Quandaries and Queries
 

 

Ed

Introduction to statistics. Self educator.

This problem is from:

Lipschutz, S. and Schiller, J. Introduction to Probability and Statistics. SchaumÔs Outlines. 1998.

Page 217

Example 7.10 Suppose 25 percent of all U.S. workers belong to a labor union. What is the probability that in a random sample of 100 U.S. workers, at least 20 percent will belong to a labor union?

Solution:

The sample size, n = 100, is greater than 30, and the total number of U.S. workers is much larger than 100. Therefore, the sample proportion PÔ of workers that belong to a labor union can be modeled as a normal random variable with mean p = 0.25, and standard deviation

My notation for typing:

Let sqrt = square root,

Let SD = standard deviation,

Let SE standard error.

Back to the problem.

SD = sqrt( p (1-p)/n ) = sqrt ( (0.25 x 0.75)/100 ) = 0.0433. Then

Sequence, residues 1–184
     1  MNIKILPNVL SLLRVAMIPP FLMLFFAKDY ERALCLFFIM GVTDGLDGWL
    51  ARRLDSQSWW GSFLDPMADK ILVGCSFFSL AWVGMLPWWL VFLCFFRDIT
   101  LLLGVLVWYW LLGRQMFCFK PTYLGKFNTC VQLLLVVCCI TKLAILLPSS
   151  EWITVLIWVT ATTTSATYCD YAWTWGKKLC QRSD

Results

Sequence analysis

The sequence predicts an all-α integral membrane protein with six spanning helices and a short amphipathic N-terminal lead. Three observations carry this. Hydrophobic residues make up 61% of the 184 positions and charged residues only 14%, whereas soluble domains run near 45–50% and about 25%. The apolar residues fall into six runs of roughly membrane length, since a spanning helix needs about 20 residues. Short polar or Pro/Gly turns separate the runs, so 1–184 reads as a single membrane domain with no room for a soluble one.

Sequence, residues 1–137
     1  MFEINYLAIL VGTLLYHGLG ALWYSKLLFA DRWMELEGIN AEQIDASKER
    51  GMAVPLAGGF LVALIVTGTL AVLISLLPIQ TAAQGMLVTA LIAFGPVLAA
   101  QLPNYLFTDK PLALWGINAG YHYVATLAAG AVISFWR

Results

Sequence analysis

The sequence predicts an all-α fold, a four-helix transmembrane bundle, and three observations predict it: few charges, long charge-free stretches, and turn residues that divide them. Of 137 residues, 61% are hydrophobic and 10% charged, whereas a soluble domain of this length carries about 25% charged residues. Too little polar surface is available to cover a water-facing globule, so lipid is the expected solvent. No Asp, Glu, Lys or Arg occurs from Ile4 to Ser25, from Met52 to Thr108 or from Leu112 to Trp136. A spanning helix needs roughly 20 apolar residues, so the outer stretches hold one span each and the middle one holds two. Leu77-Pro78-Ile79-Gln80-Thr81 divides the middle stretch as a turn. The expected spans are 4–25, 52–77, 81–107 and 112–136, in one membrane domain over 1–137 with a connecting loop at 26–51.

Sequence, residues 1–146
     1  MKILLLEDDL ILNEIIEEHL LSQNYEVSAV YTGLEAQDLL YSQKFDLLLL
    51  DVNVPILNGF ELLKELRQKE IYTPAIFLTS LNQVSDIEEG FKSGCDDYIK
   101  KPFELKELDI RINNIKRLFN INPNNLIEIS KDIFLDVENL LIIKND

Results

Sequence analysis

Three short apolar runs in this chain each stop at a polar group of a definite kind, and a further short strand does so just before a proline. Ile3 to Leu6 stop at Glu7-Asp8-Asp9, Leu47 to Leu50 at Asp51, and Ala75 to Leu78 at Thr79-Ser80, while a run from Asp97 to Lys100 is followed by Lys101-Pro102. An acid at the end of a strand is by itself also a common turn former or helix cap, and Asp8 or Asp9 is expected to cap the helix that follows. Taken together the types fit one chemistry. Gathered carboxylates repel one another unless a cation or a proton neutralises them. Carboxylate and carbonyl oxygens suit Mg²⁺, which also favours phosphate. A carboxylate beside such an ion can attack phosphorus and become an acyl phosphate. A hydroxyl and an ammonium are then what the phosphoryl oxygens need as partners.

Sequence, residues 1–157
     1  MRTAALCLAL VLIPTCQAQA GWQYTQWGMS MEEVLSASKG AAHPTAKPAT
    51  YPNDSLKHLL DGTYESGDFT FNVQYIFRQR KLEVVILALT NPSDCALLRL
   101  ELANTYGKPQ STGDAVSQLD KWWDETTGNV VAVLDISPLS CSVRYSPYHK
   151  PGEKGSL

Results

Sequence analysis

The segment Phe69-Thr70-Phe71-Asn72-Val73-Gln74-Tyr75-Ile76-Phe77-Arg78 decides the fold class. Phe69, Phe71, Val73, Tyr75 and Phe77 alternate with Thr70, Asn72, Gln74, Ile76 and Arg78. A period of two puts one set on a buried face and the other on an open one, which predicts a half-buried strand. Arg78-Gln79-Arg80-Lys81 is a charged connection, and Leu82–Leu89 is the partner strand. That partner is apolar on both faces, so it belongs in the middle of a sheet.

Z = ( PÔ ÷ 0.25 )/ 0.0433

Is a standard normal variable. Using the standard normal table,

P( P? >= 0.2 ) = P ( (P? - 0.25)/0.0433 >= (0.2 - 0.25)/0.0433

= P( Z >= -1.15 )

= P( Z <= 1.15)

= 0.8749

End their solution.

Here is my problem 1: When I use the table to obtain P( Z <= 1.15 ) I get 0.7498 as the area between -Z and Z. That leaves 1 - 0.7498 as the area to the left of -Z, NOT 0.8749. So where does the 0.8749 come from?

Here is my problem 2: They use P( P? >= 0.2 ) = (0.2 - 0.25)/0.0433.

I thought Z is the (observed - expected)/SD. Shouldn't it be (0.25 - 0.2)/0.433?

 

 

Hi Ed,

Your table gives 0.7498 ad the probability that Z is between -1.15 and 1.15. Half of that, that is, 0.3749, is the probability that Z is between 0 and 1.15. You then add the 0.5000 probability that Z is negative to get 0.8749.

For your second question "expected" is in the whole population: 25%, or 0.25. "observed" is a bit of a misnomer here. The 20% is the lower bound of the proportion of unionized worker in your sample that would give an affirmative answer to the question "Are at least 20% of the workers in my sample in a union?"

Claude
 
 

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